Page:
The English common law as received by the law of the United States included the offence of being a common scold. In 1829, a Washington, D.C. court found the American anti-clerical writer Anne Royall guilty of being a common scold, the outcome of a campaign launched against her by local clergymen. Despite the construction of the traditional engine of punishment by sailors at the Navy Yard, the court ruled the punishment of the cucking-stool obsolete, and instead improvised a fine of ten dollars.
Current status of the law
In England and Wales, the only part of the United Kingdom where the law had any effect, no prosecutions of common scolds occurred for a considerable period.[vague] Counsel in Sykes v. Director of Public Prosecutions  AC 528 described the offence as "obsolete", and section 13(1)(a) of the Criminal Law Act 1967 eventually abolished it.
The common law offence of being a common scold was extant in New Jersey until struck down in 1972 by Circuit Judge McCann who found it had been subsumed in the provisions of the Disorderly Conduct Act of 1898, was bad for vagueness and offended the 14th Amendment to the US Constitution for sex discrimination. Long before this decision, the punishment of ducking, together with all other forms of corporeal punishment, had become unlawful under the provisions of the New Jersey Constitution of 1844 or even as early as 1776. In the United States, many states have laws restricting public profanity, excessive noise, and disorderly conduct. None of these laws carry the distinctive punishment originally reserved for the common scold, nor are they gender-specific as the common scold offense was.
- Bardsley, Sandy (2006). "Sin, Speech and Scolding in Late Medieval England". Fama: The Politics of Talk and Reputation in Medieval Europe, ed. Thelma Fenster and Daniel Lord Smail: 146–8.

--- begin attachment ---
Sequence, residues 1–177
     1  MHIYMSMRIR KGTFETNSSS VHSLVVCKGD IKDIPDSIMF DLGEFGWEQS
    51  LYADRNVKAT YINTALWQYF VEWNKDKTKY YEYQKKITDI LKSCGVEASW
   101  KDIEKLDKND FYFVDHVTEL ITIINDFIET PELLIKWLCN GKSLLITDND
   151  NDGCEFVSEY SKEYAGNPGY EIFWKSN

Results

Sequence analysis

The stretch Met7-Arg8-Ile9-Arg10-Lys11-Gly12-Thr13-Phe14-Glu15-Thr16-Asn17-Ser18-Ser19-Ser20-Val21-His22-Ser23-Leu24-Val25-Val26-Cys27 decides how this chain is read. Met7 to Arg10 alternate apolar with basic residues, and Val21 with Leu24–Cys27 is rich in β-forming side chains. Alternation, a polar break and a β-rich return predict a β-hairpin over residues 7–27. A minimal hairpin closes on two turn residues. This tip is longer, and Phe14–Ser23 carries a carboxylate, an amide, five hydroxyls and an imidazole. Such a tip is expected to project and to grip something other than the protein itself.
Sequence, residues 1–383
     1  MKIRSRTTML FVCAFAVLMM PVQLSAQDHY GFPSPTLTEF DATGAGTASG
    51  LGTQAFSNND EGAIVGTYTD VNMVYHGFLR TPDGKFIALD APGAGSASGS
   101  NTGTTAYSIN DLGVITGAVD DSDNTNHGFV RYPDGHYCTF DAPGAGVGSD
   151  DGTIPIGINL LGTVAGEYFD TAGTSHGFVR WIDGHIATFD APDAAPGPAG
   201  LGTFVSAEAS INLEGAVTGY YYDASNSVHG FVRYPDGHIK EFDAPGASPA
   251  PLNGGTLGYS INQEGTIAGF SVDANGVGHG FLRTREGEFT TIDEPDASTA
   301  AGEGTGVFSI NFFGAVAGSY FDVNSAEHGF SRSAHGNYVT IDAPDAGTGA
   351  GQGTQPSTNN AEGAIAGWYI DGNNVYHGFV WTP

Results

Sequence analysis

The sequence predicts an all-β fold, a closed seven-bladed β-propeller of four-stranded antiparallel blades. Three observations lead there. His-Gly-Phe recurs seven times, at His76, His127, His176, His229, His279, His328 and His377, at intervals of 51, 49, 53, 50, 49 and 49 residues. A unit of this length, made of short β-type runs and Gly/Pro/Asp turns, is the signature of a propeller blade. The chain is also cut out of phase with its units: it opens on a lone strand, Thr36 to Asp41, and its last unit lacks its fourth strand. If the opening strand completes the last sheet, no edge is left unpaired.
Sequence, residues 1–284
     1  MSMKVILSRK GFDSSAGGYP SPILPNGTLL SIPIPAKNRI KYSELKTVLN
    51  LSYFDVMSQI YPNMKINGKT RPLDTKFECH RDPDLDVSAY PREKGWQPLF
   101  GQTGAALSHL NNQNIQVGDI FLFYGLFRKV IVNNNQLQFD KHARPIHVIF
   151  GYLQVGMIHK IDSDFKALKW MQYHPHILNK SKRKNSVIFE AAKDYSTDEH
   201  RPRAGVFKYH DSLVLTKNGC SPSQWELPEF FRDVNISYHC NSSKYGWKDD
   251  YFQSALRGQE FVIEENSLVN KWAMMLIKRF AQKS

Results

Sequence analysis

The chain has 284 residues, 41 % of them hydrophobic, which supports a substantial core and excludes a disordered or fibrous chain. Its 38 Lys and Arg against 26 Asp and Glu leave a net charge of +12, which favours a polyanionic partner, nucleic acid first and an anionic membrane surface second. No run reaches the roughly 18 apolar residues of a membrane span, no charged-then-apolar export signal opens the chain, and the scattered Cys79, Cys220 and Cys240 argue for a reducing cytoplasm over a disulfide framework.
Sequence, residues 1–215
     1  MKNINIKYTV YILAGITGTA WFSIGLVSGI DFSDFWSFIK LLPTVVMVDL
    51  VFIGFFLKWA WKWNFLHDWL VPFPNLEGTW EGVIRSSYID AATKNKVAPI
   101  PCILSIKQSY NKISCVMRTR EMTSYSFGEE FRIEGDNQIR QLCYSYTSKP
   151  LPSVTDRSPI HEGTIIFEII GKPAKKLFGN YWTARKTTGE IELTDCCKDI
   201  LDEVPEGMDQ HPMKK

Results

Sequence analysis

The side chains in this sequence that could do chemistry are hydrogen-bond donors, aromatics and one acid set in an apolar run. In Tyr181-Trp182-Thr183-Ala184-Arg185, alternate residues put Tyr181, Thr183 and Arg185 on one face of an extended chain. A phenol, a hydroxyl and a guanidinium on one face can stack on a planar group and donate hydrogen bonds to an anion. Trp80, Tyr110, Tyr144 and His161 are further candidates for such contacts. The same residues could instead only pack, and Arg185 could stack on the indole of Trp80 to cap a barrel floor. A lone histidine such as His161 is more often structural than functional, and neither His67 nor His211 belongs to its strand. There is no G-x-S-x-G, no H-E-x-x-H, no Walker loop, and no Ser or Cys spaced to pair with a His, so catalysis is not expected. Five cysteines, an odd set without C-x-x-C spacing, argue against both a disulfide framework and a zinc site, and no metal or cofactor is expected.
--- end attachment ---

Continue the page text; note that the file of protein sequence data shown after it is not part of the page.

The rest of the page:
- Jones, Karen (2006). Gender and petty crime in late medieval England : the local courts in Kent, 1460-1560. Woodbridge: Boydell Press. pp. 104–106. ISBN 184383216X. OCLC 65767599.
- Sandy, Bardsley. Venomous tongues : speech and gender in late medieval England. Philadelphia. pp. 123–125. ISBN 9780812239362. OCLC 891396093.
- Sandy, Bardsley. Venomous tongues : speech and gender in late medieval England. Philadelphia. pp. 135–136. ISBN 9780812239362. OCLC 891396093.
- Sandy, Bardsley. Venomous tongues : speech and gender in late medieval England. Philadelphia. p. 137. ISBN 9780812239362. OCLC 891396093.
- 1939-, Jones, Karen (2006). Gender and petty crime in late medieval England : the local courts in Kent, 1460-1560. Woodbridge: Boydell Press. p. 108. ISBN 184383216X. OCLC 65767599.
- Sandy, Bardsley. Venomous tongues : speech and gender in late medieval England. Philadelphia. p. 102. ISBN 9780812239362. OCLC 891396093.
- Sandy, Bardsley. Venomous tongues : speech and gender in late medieval England. Philadelphia. p. 103. ISBN 9780812239362. OCLC 891396093.
- Alice Morse Earle (1896). "The Ducking Stool". Curious Punishments of Bygone Days. Archived from the original on 17 January 2007. Retrieved 18 January 2007.
- Chisholm, Hugh, ed. (1911). Encyclopædia Britannica. 8 (11th ed.). Cambridge University Press. p. 361. .
- Thomas Dugdale, William Burnett (1860). England and Wales Delineated: Historical, Entertaining & Commercial. p. 1238.
- Frederick W. Fairholt (1855). "On a Grotesque Mask of Punishment Obtained in the Castle of Nuremberg". Transactions of the Historic Society of Lancashire and Cheshire. 377, Strand. London: J.H. Parker for the Historic Society of Lancashire and Cheshire. VII: 62–64.
- Alice Morse Earle (1896). "Branks and gags". Curious Punishments of Bygone Days. Archived from the original on 3 April 2007. Retrieved 18 January 2007.
- Reuben Percy and Sholto Percy (1823). The Percy Anecdotes. London: Printed for T. Boys. Archived from the original on 10 September 2004.
- John Gay (1714). "The Shepherd's Week : Wednesday; or, The Dumps". Retrieved 31 October 2014.
- Alice Morse Earle (1896). "Curious Punishments of Bygone Days". Project Gutenberg. Retrieved 31 October 2014.
- "The Founders Constitution:Volume 5, Amendment VIII, Document 19". University of Chicago. 1987. Retrieved 18 January 2007.
- Cynthia Earman (January 2001). "An Uncommon Scold". Library of Congress. Retrieved 18 January 2007.
- State of New Jersey v. Marion Palendrano, 120 N.J. Super. 336 (1972) McCann JCC (Superior Court of New Jersey, Law Division (Criminal) 13 July 1972).